Update: On September 1st, the Japan Sport Council launched a new competition to find another design for Japan’s New National Stadium – this time for a design and build project with more stringent cost restrictions. Today, contractor Nikken Sekkei and Zaha Hadid Architects have confirmed that they will be re-entering the contest together, bringing forward work from their original design. “Our firm is certain that retaining the team of Design Supervisor and designers will deliver the best National Stadium, and we have invited Zaha Hadid Architects to join the design team” said Nikken Sekkei in a statement. “Applying this knowledge and experience of the project, this team can further develop the design to the new brief as a cost-effective proposal to realize the world’s best National Stadium.” The article below was originally published on August 26th.
In mid-July, Japanese prime minister Shinzo Abe declared that ZHA’s design for a New National stadium would
not be completed and that plans for the Tokyo Olympics-Paralympics stadium would “start from zero.” In response Zaha Hadid Architects has just issued a press release and a link to a 23-minute video presentation. The video, ZHA explains, “outline[s] in detail the unique design for the New National Stadium which has been developed over two years to be the most compact and efficient stadium for this very special location in Tokyo. Zaha Hadid Architects welcomes a new contractor bidding process for the New National Stadium to reduce costs and ensure value for money in terms of quality, durability and long-term sustainability.”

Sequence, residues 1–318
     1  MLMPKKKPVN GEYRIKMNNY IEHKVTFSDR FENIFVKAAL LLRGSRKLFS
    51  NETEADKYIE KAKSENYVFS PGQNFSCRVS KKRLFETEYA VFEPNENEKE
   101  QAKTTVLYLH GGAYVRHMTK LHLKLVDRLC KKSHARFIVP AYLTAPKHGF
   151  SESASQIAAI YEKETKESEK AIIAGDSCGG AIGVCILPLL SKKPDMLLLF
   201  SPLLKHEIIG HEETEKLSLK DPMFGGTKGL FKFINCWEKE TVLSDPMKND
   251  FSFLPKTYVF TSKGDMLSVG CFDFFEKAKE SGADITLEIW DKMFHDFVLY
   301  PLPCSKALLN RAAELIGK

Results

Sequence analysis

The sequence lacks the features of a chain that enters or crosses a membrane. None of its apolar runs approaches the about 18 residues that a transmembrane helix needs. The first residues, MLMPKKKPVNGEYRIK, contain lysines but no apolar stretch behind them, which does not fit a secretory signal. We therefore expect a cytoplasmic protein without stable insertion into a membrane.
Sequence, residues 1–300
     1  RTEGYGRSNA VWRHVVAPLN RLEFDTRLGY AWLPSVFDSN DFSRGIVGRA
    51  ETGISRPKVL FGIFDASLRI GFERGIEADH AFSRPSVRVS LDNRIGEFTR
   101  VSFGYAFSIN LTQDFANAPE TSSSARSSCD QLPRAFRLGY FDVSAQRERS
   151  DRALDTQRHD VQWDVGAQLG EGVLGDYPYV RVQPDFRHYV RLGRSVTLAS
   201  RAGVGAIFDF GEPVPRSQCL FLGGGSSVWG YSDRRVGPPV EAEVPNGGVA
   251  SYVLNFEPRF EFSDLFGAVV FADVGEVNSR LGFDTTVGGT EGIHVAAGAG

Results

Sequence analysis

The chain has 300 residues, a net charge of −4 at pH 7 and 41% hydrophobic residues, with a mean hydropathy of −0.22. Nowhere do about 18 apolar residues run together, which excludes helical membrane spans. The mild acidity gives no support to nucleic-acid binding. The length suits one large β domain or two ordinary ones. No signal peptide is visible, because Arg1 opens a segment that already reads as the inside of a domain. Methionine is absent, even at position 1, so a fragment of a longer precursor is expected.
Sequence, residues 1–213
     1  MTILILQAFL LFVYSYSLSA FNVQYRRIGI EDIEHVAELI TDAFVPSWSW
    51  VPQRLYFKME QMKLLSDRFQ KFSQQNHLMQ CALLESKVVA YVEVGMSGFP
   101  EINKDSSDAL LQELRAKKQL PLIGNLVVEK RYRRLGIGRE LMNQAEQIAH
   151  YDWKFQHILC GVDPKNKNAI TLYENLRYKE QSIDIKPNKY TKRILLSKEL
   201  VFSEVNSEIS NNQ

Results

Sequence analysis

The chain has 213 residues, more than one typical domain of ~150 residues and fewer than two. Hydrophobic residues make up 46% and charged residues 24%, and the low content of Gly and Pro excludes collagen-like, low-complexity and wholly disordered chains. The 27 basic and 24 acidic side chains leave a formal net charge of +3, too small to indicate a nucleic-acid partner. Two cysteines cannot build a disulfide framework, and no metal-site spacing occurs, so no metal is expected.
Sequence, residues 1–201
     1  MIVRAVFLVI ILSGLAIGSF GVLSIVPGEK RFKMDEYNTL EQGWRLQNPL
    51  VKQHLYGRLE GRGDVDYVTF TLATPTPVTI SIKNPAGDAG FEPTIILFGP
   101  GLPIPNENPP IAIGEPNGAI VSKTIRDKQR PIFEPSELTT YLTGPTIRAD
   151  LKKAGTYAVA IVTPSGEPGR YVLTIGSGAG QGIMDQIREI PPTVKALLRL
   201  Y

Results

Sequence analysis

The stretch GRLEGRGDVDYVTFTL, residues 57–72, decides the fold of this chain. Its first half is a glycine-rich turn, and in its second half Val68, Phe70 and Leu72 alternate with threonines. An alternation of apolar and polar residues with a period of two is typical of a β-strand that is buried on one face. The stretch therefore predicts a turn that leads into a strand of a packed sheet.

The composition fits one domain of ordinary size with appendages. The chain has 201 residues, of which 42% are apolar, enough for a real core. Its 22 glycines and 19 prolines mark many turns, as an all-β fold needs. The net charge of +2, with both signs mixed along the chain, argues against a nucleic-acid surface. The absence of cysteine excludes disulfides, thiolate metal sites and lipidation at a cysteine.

Watch the video – or if you haven’t got 23 minutes, read our synopsis – after the break.
The video begins by reiterating ZHA’s belief, outlined in their initial statement after their design was scrapped, that starting the design from scratch is “an unecessary risk which we think the government should reconsider if its aim is to achieve a lower price than ¥252 billion.” As evidence that their design can be delivered at a low cost, they stress the experience of the design team, explaining ZHA’s record of delivering projects on time and on budget, and also mentioning the extensive sports design experience of Arup, the stadium’s sports architect.
The video moves on to explain and defend ZHA’s design of the stadium, stating that it was “inspired by the past and future of Japan”:
“Proposed for practical reasons, the primary structure of two keel arches have a similar intent in silhouette and symbolism to traditional Japanese landscape bridges, so that the new stadium is based on a key motif from traditional Japanese landscape design.”